cognitive computing

Contributor(s): Bridget Botelho
This definition is part of our Essential Guide: How to solve your TMI problem: Data science analytics to the rescue

Cognitive computing systems use computerized models to simulate the human cognition process to find solutions in complex situations where the answers may be ambiguous and uncertain. While the term cognitive computing is often used interchangeably with artificial intelligence (AI), the phrase is closely associated with IBM's cognitive computer system, Watson.

Cognitive computing overlaps with AI and involves many of the same underlying technologies to power cognitive applications, including expert systems, neural networks, robotics and virtual reality (VR).

How cognitive computing works

Cognitive computing systems can synthesize data from various information sources, while weighing context and conflicting evidence to suggest the best possible answers. To achieve this, cognitive systems include self-learning technologies that use data mining, pattern recognition and natural language processing (NLP) to mimic the way the human brain works.

Using computer systems to solve the types of problems that humans are typically tasked with requires vast amounts of structured and unstructured data, fed to machine learning algorithms. Over time, cognitive systems are able to refine the way they identify patterns and the way they process data to become capable of anticipating new problems and model possible solutions.

To achieve those capabilities, cognitive computing systems must have five key attributes, as listed by the Cognitive Computing Consortium.

Adaptive: Cognitive systems must be flexible enough to learn as information changes and as goals evolve. The systems must be able to digest dynamic data in real time and make adjustments as the data and environment change.

Eric Brown of IBM Research discusses cognitive
computing and its uses.

Interactive: Human-computer interaction (HCI) is a critical component in cognitive systems. Users must be able to interact with cognitive machines and define their needs as those needs change. The technologies must also be able to interact with other processors, devices and cloud platforms.

Iterative and stateful: Cognitive computing technologies can also identify problems by asking questions or pulling in additional data if a stated problem is vague or incomplete. The systems do this by maintaining information about similar situations that have previously occurred.

Contextual: Understanding context is critical in thought processes, and so cognitive systems must also understand, identify and mine contextual data, such as syntax, time, location, domain, requirements, a specific user's profile, tasks or goals. They may draw on multiple sources of information, including structured and unstructured data and visual, auditory or sensor data.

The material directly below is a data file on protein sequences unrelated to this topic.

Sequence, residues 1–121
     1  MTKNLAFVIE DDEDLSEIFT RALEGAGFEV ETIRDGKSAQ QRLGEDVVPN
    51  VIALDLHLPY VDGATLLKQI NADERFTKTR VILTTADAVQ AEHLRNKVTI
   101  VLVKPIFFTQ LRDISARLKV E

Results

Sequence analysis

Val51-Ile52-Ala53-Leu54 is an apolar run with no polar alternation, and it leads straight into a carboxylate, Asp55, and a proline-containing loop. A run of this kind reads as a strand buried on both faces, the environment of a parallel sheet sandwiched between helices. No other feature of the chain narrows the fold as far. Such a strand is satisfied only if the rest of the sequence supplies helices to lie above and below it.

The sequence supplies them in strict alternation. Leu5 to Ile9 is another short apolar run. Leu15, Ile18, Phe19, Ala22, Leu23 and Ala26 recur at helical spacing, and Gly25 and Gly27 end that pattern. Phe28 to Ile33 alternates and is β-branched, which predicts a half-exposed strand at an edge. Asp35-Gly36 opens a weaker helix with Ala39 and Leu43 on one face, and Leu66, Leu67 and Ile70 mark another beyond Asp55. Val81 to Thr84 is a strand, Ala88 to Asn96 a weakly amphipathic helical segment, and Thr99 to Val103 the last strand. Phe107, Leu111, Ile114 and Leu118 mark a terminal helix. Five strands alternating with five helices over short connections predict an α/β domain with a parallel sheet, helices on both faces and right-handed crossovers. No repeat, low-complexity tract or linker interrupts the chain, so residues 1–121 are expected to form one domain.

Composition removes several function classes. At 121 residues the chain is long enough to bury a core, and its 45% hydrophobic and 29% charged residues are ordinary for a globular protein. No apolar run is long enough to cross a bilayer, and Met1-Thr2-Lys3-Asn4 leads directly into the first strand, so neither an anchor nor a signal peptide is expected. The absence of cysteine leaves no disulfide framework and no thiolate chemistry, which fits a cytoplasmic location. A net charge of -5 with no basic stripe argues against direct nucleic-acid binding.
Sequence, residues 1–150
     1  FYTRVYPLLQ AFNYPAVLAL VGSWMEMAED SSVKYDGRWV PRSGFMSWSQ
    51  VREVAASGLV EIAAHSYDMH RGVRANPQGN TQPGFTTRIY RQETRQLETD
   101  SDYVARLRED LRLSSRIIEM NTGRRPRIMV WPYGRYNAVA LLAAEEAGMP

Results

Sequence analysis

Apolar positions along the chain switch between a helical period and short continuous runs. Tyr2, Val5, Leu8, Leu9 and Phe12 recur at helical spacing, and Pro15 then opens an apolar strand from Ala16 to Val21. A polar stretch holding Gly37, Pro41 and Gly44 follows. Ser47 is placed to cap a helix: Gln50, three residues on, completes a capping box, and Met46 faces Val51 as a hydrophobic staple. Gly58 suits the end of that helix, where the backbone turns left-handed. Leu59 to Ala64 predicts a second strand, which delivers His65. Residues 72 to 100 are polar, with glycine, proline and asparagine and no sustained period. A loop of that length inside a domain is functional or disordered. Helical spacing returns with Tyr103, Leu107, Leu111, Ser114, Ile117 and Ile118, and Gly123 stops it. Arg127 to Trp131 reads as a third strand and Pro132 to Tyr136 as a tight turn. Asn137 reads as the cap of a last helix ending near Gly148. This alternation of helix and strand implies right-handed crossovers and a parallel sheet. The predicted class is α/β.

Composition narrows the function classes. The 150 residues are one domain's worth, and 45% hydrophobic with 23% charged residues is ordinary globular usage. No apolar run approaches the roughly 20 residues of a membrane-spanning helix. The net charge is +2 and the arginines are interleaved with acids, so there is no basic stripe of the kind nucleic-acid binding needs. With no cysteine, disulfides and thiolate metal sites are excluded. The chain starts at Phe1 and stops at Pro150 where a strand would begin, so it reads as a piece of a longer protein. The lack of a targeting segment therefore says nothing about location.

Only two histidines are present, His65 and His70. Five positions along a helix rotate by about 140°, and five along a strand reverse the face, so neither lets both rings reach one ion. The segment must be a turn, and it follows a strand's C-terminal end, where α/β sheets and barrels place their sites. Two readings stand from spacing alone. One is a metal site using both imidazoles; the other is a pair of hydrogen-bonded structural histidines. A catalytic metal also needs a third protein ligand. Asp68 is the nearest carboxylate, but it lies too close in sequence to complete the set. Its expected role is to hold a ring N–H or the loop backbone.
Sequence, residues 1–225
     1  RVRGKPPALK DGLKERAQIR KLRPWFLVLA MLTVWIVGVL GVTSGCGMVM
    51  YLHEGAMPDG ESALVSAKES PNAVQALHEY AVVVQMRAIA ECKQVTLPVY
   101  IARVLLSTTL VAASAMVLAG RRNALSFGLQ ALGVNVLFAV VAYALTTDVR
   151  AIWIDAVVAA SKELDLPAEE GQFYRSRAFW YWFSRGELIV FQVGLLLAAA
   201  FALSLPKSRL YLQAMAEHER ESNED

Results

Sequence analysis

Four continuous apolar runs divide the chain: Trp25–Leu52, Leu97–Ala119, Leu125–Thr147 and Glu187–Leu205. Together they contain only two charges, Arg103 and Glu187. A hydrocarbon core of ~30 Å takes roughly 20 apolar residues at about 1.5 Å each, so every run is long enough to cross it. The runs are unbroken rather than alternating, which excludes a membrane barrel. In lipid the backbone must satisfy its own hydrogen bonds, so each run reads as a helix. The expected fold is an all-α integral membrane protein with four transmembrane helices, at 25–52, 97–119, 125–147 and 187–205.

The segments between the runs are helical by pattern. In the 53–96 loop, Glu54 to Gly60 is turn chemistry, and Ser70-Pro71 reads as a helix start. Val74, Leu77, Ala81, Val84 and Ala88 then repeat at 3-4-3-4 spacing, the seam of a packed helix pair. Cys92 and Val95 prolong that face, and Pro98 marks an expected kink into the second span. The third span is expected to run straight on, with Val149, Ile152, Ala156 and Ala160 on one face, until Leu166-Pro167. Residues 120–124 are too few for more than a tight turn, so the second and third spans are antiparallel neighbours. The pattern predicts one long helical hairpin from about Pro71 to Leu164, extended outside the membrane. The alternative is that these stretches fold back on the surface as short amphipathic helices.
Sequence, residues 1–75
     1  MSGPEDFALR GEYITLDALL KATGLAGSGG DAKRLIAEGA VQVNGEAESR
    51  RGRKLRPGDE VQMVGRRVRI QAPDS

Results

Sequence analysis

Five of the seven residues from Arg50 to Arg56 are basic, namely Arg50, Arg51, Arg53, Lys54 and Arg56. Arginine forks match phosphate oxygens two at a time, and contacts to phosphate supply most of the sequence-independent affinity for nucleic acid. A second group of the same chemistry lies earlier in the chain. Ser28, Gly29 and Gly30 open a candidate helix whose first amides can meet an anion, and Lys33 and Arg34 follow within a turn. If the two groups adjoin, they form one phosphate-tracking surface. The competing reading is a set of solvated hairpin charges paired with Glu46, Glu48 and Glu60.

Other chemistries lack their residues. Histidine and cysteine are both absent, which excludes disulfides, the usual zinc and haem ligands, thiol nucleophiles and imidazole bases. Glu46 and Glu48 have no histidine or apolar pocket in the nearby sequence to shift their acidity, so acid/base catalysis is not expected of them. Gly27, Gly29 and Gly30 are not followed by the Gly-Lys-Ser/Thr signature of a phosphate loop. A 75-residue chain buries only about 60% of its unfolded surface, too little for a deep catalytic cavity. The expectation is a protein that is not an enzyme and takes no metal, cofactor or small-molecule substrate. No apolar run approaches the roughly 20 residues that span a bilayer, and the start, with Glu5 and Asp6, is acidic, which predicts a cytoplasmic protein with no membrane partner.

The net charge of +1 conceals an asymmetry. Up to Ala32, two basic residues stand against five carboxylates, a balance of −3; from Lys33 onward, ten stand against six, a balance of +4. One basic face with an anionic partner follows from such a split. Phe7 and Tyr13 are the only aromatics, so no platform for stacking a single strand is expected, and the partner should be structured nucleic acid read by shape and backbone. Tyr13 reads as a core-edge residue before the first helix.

How cognitive computing differs from AI

Cognitive computing is often used interchangeably with AI -- the umbrella term for technologies that rely on data to make decisions. But there are nuances between the two terms, which can be found within their purposes and applications.

AI technologies include -- but aren't limited to -- machine learning, neural networks, NLP and deep learning. With AI systems, data is fed into the algorithm over a long period of time so that the systems learn variables and can predict outcomes. Applications based on AI include intelligent assistants, such as Amazon's Alexa or Apple's Siri, and driverless cars are based on AI.

How cognitive computing and AI compare
The biggest difference between cognitive computing and AI is its purpose.

The term cognitive computing is typically used to describe AI systems that aim to simulate human thought. Human cognition involves real-time analysis of environment, context and intent, among many other variables that inform a person's ability to solve problems. A number of AI technologies are required for a computer system to build cognitive models that mimic human thought processes, including machine learning, deep learning, neural networks, NLP and sentiment analysis.

In general, cognitive computing is used to assist humans in their decision-making process. Some examples of cognitive computing applications include supporting medical doctors in their treatment of disease. IBM Watson for Oncology, for example, has been used at Memorial Sloan Kettering Cancer Center to provide oncologists with evidence-based treatment options for cancer patients. When medical staff input questions, Watson generates a list of hypotheses and offers treatment options for doctors to consider.

Where AI relies on algorithms to solve a problem or to identify patterns hidden in data, cognitive computing systems have the loftier goal of creating algorithms that mimic the human brain's reasoning process to solve an array of problems as the data and the problems change.

This was last updated in July 2018

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